The Twins being able to pry Hardy from the Brewers without having to give up more than Gomez looks to be an initial 'win' for Minnesota. Hardy was once viewed as 'untouchable' with the likes of Ryan Braun and Prince Fielder, but poor play and the emergence of Alcides Escobar ultimately forced the Brewers hand. The Twins having gaping holes everywhere except for first base in the infield. Hardy fufills a hole at shortstop while Nick Punto likely fills another hole at either second or third base.

To add: Peter brought up a good point in the comment sections. Baseball has a lot to do with marketing and while Gomez was a fan-favorite in the Twin Cities, Hardy has been known to be a fan-favorite in Wisconsin and I'm sure (from a marketing perspective) the Twins aren't losing a ton while potentially gaining a lot of marketability in Hardy.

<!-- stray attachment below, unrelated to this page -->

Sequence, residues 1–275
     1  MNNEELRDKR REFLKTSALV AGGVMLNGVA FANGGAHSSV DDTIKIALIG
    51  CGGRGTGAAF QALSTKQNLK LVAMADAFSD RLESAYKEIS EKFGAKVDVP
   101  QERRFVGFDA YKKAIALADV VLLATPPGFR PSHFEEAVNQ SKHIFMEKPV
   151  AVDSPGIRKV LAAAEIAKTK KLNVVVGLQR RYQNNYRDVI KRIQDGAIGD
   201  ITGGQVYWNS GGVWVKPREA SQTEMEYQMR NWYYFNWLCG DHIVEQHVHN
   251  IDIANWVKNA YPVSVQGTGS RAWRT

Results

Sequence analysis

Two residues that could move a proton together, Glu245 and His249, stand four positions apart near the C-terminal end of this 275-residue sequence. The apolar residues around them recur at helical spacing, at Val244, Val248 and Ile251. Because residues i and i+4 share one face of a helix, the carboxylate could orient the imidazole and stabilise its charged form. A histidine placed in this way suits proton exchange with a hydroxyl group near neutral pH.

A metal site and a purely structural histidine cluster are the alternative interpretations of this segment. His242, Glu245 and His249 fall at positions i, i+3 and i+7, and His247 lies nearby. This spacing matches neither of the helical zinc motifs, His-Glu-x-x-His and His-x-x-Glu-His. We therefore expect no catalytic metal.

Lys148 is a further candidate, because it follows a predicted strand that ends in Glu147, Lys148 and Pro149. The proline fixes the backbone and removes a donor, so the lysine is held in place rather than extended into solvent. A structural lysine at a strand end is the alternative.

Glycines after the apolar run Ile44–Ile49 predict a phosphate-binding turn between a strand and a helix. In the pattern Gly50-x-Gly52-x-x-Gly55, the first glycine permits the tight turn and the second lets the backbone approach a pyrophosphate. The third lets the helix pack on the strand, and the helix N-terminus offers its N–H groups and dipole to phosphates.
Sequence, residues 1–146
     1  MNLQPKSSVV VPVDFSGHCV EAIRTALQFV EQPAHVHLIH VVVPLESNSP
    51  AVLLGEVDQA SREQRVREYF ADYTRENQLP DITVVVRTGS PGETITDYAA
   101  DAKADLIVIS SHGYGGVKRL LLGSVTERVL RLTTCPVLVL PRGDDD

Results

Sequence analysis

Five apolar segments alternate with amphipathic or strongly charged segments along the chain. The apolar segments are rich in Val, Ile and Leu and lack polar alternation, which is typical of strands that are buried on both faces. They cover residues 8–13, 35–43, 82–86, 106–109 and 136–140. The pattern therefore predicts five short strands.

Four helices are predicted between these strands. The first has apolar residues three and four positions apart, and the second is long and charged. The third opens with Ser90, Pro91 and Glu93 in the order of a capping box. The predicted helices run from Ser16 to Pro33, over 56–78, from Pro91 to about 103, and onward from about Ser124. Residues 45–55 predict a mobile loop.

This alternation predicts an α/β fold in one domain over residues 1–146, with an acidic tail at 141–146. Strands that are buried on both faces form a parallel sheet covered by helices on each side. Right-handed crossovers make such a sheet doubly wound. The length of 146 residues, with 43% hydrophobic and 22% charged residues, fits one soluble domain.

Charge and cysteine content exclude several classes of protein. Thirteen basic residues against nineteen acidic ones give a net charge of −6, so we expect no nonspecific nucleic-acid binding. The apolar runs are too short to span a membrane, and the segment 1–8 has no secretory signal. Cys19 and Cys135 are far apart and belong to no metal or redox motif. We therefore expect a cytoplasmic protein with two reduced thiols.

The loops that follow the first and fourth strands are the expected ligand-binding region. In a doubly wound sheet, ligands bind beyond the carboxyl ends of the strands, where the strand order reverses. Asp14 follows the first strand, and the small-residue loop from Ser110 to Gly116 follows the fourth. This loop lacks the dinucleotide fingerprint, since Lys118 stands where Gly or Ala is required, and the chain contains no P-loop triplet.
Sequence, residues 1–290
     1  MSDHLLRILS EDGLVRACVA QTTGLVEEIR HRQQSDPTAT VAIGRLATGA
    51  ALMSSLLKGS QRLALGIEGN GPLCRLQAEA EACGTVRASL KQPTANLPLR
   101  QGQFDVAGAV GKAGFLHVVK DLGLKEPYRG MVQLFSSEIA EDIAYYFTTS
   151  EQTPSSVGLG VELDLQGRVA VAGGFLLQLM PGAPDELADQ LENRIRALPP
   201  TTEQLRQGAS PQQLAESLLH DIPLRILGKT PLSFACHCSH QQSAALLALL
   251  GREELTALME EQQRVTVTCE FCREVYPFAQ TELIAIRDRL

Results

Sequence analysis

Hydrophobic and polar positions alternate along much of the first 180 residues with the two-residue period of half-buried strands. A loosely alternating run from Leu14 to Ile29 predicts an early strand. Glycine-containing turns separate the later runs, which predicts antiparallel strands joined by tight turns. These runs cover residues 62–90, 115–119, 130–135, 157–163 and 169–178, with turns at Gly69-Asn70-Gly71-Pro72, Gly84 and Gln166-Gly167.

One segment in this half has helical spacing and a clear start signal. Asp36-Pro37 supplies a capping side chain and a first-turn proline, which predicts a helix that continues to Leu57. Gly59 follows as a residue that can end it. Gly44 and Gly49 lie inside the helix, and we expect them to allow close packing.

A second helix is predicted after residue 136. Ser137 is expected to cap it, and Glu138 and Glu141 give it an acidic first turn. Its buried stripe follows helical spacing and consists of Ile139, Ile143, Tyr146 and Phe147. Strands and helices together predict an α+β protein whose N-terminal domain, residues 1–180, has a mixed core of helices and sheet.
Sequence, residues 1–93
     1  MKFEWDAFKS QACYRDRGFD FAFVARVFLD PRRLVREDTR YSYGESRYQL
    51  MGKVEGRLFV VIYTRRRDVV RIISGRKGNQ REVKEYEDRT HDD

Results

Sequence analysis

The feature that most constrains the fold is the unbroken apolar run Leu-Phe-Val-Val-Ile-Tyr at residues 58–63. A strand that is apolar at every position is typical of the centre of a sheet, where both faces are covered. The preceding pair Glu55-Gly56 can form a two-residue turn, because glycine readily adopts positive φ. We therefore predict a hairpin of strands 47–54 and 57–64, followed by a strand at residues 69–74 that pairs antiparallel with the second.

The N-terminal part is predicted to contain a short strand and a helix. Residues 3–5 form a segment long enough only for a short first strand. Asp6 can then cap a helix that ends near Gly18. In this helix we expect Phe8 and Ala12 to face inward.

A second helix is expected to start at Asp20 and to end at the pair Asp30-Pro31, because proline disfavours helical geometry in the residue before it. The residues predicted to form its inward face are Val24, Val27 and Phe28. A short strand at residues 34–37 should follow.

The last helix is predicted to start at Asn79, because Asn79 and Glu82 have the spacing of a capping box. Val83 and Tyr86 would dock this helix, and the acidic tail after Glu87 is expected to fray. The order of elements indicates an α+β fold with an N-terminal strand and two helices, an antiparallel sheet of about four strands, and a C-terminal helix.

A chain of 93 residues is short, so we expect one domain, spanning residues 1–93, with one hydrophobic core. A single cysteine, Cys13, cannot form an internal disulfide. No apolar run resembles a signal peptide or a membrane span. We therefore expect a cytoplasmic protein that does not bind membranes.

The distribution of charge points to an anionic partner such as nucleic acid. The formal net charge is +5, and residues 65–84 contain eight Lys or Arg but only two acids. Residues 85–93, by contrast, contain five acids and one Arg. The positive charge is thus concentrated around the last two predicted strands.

The Brewers, as mentioned, felt the need to trade Hardy now while he still has some value left. But had they traded him prior to the July trade deadline, the Brewers probably would have gotten quite a bit more in return. With Mat Gamel making his way to the Majors and Casey McGehee emerging as an option the Brewers thoughts of moving Hardy to third base didn't seem like a viable option anymore. With no room left for Hardy in the infield, the Brewers knew heading into the off-season that they'd have to move one of them to fill in another position of need.

Pitching seemed to be the likely position they'd target in a trade. Mike Cameron is a free agent and seemed likely to test the free agent waters, so the Brewers decided to not waste any time in findinig his replacement. They go from an older good defensive outfielder to a younger, better defensive outfielder. Unfortunately they'll miss Cameron's bat, but if Gomez can reach his potential, they'll be plenty pleased with what Gomez can bring to the table. A fine move on the Brewers behalf.

Now what?